The PI3K and MEK/ERK pathways often converge on mTORC1 (25, 35). In SHP2 inhibitor–sensitive HNSCCs, we found mTORC1 was inhibited, as evidenced by loss of p70S6K and 4E-BP1 phosphorylation (ref. 35; Fig. 2B and C). In addition, the proapoptotic BIM, which is suppressed by the MEK/ERK/p90RSK pathway, was upregulated following SHP2 inhibition exclusively in the sensitive HNSCCs (Fig. 2B and C). Finally, we found, MCL-1, c-MYC, and BCL-xL expression, which are controlled tightly by the mTORC1 pathway (36, 37), were downregulated only in the sensitive HNSCCs (Fig. 2B and C). Therefore, in a subset of HNSCC, SHP099 blocks both MEK/ERK signaling and PI3K signaling, converging on mTORC1, likely explaining the potent anticancer activity of SHP2 inhibition.
The Downregulation of Both the MEK and PI3K Pathway in HNSCC is Toxic
We and others (35, 38, 39) have found PI3K and MEK coinhibition has potent anticancer efficacy across multiple solid tumor paradigms. To confirm the therapeutic benefit of blocking both these pathways across HNSCC cell lines, we treated SHP2 inhibitor–sensitive JHU-022 and SCC-9 cells and SHP2 inhibitor–resistant BICR22 cells with the PI3K alpha inhibitor, alpelisib (40), and the MEK inhibitor, trametinib (41). As expected, the combination of alpelisib and trametinib was very potent against all three HNSCC cell lines (Fig. 3A and B) with alpelisib blocking and some TORC1 signaling in all three lines, trametinib blocking MEK signaling in all three lines, and the combination of the two robustly blocking mTORC1 signaling (Fig. 3C and D) in all three lines, consistent with our past work (38, 42) and others (15, 43). Also as expected, SHP2 inhibition blocked PI3K, MEK, and mTORC1 signaling (pS6) in the sensitive JHU-022 and SCC-9 cells, but not in the insensitive BICR22 cells. This led to similar efficacy between SHP099 and the alpelisib/trametinib combination in the SHP2 inhibitor–sensitive cells (Fig. 3A), and contrasting efficacy between SHP099 and the alpelisib/trametinib combination in the SHP2 inhibitor–resistance cells (Fig. 3B). These results are consistent with the anti-HNSCC activity of SHP099 occurring through coinhibition of MAPK and PI3K pathways, and these two pathways being the key targets of SHP2 inhibition in sensitive HNSCCs.
HNSCC Cell Line and PDXs are Sensitive to SHP2 Inhibition
We next evaluated the efficacy of SHP099 in vivo. The BHY and HSC-4 xenograft models that presented with good sensitivity in vitro were injected to form tumors in immunocompromised mice. In addition, we recently established a collection of PDX models of HNSCC, including HPV+ models (27). We evaluated two of these models: a HPV− (LST60) and HPV+ model (LNT20). In keeping with the in vitro results, treatment with 75 mg/kg/qd SHP099 single agent led to near total tumor control across all models (Fig. 4A–C). Treatment was well tolerated on the basis of stable weight maintenance, normal behavior, and overall good health of the mice throughout the study (Supplementary Fig. S6, mouse weights). In the xenografts, the difference in tumor volume was visible as early as 10 days after the beginning of treatment with a consistent increase in difference between the two treatment arms throughout the study period (Fig. 4A and B, left). The waterfall diagrams show the differences in tumor volume after approximately 30 days of the study compared starting treatment volume demonstrating tumor regressions in most of the BHY-implanted mice and strong tumor control in the HSC-4 model (Fig. 4A and B, right). Similarly, the PDX models established from patients with HNSCC also revealed significant decreases in tumor burden upon treatment with SHP099 by the end of 30 days (Fig. 4C). In the tumor lysates, on-target activity, echoing the in vitro data of dual MEK and PI3K inhibition converging on mTORC1, was confirmed (Fig. 4D). These data together validate the sensitivity demonstrated in the unbiased HTS screen of a large number of HNSCC models that have sensitivity to SHP2 inhibition.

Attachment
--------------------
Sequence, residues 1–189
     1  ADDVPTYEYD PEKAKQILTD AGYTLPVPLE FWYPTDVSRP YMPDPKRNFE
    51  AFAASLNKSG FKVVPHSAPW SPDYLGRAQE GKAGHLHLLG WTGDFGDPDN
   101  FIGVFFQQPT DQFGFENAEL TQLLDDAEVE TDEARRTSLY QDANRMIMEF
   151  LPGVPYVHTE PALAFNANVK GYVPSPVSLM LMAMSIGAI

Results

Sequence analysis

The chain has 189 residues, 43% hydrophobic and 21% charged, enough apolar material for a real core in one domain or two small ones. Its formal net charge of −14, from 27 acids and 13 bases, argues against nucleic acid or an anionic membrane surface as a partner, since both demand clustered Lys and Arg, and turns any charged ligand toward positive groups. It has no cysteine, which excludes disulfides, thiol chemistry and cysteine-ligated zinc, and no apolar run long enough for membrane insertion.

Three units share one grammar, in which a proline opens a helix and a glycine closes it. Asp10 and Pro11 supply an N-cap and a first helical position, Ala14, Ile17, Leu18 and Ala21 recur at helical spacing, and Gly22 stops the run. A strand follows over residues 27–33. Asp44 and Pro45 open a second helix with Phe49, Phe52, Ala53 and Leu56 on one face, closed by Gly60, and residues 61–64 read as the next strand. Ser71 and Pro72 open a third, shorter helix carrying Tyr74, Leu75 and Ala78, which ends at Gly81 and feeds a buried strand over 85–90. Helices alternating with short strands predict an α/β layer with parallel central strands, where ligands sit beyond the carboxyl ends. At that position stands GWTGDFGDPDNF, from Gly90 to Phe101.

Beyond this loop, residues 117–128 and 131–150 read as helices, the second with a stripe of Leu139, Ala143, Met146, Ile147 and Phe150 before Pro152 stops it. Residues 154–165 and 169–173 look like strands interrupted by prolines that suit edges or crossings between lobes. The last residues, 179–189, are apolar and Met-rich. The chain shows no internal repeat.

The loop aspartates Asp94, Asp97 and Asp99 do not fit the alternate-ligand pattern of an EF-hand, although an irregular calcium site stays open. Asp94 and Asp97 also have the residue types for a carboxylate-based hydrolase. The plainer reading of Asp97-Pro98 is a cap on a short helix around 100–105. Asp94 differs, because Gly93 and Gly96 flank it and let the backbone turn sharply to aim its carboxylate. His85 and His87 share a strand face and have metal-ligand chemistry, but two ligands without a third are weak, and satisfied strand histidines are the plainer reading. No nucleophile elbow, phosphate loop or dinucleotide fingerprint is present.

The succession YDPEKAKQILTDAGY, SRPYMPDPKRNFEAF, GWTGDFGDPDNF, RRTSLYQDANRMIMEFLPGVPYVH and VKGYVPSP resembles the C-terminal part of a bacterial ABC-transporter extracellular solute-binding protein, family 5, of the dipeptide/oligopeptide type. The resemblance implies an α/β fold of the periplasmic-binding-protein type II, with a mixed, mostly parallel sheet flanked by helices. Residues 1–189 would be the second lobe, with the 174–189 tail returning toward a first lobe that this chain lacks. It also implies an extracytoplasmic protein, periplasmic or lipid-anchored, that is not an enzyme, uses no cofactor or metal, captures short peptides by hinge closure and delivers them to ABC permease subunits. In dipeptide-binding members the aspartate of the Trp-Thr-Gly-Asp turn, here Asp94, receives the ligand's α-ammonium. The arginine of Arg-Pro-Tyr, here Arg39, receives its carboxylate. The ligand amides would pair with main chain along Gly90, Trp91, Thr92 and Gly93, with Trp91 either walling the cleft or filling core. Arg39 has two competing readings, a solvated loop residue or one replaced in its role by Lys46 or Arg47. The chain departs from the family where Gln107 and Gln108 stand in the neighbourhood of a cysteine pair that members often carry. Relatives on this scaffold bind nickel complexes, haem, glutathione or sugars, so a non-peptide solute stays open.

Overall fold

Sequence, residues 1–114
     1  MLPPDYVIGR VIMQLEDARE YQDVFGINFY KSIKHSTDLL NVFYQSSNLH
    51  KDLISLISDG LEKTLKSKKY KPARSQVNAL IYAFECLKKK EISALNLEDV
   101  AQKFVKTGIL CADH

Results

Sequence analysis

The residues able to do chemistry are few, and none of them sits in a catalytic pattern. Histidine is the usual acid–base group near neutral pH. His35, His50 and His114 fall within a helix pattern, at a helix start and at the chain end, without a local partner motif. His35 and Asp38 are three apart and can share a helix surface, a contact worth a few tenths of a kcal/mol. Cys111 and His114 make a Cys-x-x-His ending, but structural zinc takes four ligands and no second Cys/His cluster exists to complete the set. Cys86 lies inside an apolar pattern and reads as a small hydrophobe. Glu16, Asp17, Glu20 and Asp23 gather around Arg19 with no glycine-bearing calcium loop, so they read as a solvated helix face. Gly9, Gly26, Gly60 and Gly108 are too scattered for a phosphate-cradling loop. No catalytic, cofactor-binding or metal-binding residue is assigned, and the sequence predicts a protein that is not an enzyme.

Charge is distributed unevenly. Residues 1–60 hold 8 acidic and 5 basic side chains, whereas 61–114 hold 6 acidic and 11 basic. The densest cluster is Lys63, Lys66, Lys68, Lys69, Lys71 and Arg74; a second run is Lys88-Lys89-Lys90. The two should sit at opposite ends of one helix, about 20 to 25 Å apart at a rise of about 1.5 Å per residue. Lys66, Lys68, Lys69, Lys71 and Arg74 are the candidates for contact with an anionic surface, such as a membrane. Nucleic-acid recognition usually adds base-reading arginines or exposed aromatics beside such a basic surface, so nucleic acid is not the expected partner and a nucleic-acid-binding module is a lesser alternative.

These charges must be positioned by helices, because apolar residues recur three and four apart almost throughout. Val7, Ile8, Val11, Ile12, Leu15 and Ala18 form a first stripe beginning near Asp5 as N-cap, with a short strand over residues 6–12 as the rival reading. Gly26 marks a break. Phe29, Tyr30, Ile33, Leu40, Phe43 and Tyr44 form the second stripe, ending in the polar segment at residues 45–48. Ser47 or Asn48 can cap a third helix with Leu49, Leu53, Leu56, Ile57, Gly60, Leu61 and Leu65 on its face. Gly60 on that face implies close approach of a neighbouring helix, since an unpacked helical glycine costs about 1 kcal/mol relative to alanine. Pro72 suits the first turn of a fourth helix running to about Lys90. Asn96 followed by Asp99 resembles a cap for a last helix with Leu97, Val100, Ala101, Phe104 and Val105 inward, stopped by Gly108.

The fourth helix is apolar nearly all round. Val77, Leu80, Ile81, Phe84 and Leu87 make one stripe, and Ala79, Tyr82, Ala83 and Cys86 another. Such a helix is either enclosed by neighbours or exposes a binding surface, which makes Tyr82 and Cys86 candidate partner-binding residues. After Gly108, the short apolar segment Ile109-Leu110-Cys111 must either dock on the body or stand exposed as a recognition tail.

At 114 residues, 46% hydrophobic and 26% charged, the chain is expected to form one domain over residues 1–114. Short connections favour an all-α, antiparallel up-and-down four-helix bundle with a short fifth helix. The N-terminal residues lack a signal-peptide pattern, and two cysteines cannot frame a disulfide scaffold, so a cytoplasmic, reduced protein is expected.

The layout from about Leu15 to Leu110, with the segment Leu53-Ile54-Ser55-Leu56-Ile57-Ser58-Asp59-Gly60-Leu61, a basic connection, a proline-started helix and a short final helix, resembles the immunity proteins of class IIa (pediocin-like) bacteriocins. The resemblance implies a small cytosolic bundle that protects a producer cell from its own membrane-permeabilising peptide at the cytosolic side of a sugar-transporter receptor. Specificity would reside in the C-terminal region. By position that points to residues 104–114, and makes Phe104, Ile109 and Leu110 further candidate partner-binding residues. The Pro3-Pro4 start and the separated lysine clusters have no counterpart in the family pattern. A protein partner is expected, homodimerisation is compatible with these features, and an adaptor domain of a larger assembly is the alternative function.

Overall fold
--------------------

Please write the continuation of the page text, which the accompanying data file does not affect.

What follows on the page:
Expression of the EGF Ligand EREG Correlates with Response to SHP099 in HNSCC
We next sought to understand which HNSCCs made up the sensitive group which could potentially enable biomarker-directed clinical trials in HNSCC and to also better understand the mechanism of SHP2 inhibitor efficacy in HNSCC. As HNSCCs are void of activating mutations in RTKs (44), ErbB ligands are important mediators of RTK signaling in HNSCC, particularly those that activate the large number of EGF receptors in these cancers (45). We therefore investigated the most prominent ErbB ligands, including EGF, EREG, neuregulin-1, and amphiregulin. While expression of most of these ligands had no predictive power (Supplementary Fig. S7), low-EREG HNSCCs were significantly more sensitive to SHP099, both by median expression and by the lowest AUC (Fig. 5A). On the basis of these data, we added exogenous EREG to sensitive HNSCC cell lines, to determine whether this was sufficient to confer resistance. Strikingly, exogenous EREG was sufficient to substantially mitigate SHP099 efficacy across both sensitive models (JHU-22 and SCC9) tested (Fig. 5B). Consistently, Western blot analyses demonstrated in these cell lines that the presence of EREG led to the maintenance of MEK and PI3K signaling and activation of EGFR following SHP099 therapy (Fig. 5C). This contrasted with the addition of other ErbB family ligands like neuregulin-1, which consistent with the lack of predictive power, did not alter the ability of SHP099 to block PI3K or MEK signaling or exert anti-HNSCC activity (Supplementary Fig. S8A and S8B). Altogether, these data demonstrate that SHP099 blocks MEK/ERK and PI3K signaling when EREG levels are low, conferring sensitivity to the drug, and sustained MEK/ERK and PI3K signaling when EREG levels are high confers resistance to SHP2 inhibition.